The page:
To fully understand the pros and cons of either submitting a statutory or non-statutory request, head to the Citizens Advice Website.
How to make a statutory request for flexible working:
An employee must write to the employer via email or letter. While not obligatory in England, Scotland, or Wales, an employer may ask that the employee uses this standard form.
What the letter must include:
- The date;
- A statement that this is a statutory request
- Details of how the employee would like to work flexibly and when they need the new arrangement to start
- An explanation of how the employee thinks flexible working might affect the business and how this can be navigated
- A statement saying if and when the employee has made a previous application for flexible working
There’s no set deadline for an employer In England, Scotland, and Wales to reply. However, employers in Northern Ireland must arrange a follow-up meeting with the employee within 28 days of receiving their valid flexible working application.
For more detailed tips on how to submit or process a request for flexible working in Northern Ireland, visit the government’s website.
To find more tips on how to ask for flexible working, create a free WORK180 account and download ‘The ultimate guide to negotiating flexible working conditions’.
Employers can also read our ultimate guide to offering best and next practice flexible working policies.
The right to fair working hours and conditions
The maximum hours an employee can work in a week
According to the government’s website, the standard number of working hours an employee should not exceed is 48. This is normally averaged over a period of 17 weeks. However, there are some employees that differ:
- The police, armed forces, and any emergency services
- Security and surveillance roles
- Roles in workplaces that require 24-hour staffing
- Those in domestic service roles within a private household
- Seafarers, “sea-fishermen”, or workers on vessels on inland waterways
- Individuals that control their own time and that time is not measured as an output
- Any employee under the age of 18 can’t work more than eight hours a day or a 40-hour week.
Most* employees can also choose to ‘opt out’ of the 48-hour workweek. This can be for a stipulated period of time or indefinitely and must be done voluntarily and in writing. An employer can also ask an employee to ‘opt out’ in order for them to work more hours, but an employer is not allowed to sack or treat an employee unfairly if they refuse this request.
*employees who can’t opt out and so mustn’t exceed 48 hours of work in a week include:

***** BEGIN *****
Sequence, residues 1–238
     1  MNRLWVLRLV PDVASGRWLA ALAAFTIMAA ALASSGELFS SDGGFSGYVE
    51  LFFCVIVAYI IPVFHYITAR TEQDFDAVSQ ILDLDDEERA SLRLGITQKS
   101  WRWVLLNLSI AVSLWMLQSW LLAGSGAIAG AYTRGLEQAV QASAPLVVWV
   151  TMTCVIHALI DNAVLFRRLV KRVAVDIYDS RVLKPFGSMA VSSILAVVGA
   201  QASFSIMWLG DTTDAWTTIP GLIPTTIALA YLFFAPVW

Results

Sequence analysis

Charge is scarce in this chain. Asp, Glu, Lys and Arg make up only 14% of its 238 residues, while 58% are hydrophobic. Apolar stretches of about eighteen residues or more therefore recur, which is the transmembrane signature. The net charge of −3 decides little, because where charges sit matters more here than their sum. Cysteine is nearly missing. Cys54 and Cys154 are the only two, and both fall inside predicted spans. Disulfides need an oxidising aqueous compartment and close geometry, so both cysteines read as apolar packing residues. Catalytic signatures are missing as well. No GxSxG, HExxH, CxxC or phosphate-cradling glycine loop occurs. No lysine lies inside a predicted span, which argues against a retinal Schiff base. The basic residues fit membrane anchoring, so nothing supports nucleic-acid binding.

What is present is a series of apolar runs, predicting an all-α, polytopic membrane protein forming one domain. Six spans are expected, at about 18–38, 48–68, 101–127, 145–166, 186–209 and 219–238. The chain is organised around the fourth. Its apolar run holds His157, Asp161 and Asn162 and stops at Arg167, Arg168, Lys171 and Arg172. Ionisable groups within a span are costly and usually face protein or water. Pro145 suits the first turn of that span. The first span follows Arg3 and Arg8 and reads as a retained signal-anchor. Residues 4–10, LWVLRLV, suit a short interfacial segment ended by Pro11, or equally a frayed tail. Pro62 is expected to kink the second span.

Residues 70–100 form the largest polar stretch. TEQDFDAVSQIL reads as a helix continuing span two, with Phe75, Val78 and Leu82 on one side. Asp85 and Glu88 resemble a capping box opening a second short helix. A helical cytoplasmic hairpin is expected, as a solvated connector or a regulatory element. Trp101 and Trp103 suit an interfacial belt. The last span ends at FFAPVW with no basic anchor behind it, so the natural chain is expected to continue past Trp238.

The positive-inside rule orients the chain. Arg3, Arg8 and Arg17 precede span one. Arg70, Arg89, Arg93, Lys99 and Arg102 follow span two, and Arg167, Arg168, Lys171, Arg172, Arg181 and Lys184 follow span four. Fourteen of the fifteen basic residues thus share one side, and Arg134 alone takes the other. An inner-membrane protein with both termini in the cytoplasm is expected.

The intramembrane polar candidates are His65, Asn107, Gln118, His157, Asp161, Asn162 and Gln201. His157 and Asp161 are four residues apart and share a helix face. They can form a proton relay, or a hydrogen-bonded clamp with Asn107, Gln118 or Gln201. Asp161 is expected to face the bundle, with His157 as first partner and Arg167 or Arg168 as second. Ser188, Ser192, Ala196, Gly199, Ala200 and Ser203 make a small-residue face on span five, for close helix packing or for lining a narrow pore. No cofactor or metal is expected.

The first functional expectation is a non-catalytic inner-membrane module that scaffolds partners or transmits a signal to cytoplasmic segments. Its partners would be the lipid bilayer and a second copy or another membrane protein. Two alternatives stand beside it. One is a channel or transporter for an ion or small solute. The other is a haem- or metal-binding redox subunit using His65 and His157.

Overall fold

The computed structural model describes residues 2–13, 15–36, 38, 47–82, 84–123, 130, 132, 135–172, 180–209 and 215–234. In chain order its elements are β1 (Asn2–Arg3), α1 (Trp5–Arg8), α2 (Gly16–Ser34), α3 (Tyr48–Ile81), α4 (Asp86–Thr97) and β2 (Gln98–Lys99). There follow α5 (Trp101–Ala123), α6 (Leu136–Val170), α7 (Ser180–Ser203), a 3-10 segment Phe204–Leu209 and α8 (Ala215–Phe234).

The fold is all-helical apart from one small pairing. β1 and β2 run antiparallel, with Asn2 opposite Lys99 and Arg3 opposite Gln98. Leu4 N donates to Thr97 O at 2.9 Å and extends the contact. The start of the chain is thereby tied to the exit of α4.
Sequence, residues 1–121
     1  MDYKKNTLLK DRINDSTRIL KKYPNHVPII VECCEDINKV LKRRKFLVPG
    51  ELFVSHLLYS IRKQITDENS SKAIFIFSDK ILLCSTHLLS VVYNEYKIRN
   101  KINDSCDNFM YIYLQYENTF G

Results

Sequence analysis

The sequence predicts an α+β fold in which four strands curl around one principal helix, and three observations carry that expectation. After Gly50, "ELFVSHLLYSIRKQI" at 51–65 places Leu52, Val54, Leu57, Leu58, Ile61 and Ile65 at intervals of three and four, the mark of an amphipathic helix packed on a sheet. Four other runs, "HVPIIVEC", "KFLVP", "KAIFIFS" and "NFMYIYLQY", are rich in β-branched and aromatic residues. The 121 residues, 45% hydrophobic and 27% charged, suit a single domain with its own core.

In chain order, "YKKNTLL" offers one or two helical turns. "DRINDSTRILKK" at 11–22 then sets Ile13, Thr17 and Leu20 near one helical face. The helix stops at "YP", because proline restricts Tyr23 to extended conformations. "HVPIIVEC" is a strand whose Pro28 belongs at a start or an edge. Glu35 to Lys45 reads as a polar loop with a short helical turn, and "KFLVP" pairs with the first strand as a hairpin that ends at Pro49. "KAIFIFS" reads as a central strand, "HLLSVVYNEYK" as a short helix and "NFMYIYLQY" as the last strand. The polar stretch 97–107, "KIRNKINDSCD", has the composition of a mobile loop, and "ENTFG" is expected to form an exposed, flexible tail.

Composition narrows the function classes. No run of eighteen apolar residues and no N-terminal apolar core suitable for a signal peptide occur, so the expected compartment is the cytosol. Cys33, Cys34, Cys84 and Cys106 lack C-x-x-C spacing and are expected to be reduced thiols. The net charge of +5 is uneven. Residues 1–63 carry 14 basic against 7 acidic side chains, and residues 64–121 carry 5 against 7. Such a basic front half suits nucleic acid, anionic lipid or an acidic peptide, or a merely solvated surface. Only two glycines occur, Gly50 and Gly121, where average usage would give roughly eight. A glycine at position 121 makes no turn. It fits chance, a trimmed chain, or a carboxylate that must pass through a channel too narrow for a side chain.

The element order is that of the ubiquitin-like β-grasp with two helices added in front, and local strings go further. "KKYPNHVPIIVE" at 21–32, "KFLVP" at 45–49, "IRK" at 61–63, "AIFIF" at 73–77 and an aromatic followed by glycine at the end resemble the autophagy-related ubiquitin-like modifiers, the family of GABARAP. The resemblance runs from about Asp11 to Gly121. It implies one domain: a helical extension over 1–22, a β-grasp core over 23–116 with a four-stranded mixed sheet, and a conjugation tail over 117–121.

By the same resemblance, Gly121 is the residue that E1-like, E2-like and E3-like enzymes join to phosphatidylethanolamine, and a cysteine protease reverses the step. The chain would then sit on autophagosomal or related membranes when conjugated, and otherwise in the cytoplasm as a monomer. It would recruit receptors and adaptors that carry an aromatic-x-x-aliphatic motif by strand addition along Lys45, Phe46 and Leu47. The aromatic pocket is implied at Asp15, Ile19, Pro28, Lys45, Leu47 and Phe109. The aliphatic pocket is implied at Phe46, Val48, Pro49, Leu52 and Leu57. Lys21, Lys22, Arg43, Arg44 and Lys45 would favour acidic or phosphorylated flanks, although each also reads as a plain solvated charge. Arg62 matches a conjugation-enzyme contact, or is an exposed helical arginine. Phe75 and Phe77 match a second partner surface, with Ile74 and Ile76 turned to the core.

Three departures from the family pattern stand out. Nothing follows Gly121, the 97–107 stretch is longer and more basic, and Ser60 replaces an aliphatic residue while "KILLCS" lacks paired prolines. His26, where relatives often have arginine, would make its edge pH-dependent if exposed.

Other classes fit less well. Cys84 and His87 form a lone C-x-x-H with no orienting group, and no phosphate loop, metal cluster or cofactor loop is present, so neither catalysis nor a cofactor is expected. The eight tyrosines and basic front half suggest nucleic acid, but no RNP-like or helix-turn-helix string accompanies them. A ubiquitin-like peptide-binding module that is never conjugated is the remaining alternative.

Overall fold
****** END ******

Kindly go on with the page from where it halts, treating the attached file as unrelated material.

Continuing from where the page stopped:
- airline staff;
- workers on ships or boats;
- workers in the road transport industry, such as delivery drivers, bus conductors, and vehicle security guards for the transportation of high-value goods.
From remote work to adjusted hours, flexibility is one of the most powerful ways in which companies can help every employee overcome workplace barriers and thrive.
This isn’t just in a practical sense, such as opening up opportunities for those with disabilities or helping employees manage the domestic load (which disproportionately impacts many women); by normalizing flexibility for every employee, these approaches reduce the stigma attached to the practice for those that need it. This promotes shared responsibility of unpaid care, which is crucial in the fight for gender equity.
The information on this page has been compiled on the basis of general information current at the time of publication. Please note that the contents of webpage and any information provided by WORK180 do not constitute legal advice and are not intended to be a substitute for legal or other professional advice and should not be relied upon as such.
Your specific circumstances or changes in circumstances after publication may affect the completeness or accuracy of this information. You should seek legal advice or other professional advice in relation to any particular matters you or your organisation may have. To the maximum extent permitted by law, we disclaim all liability for any errors or omissions contained in this information or any failure to update or correct this information. It is your responsibility to assess and verify the accuracy, completeness, currency and reliability of the information on this website, and to seek professional advice where necessary.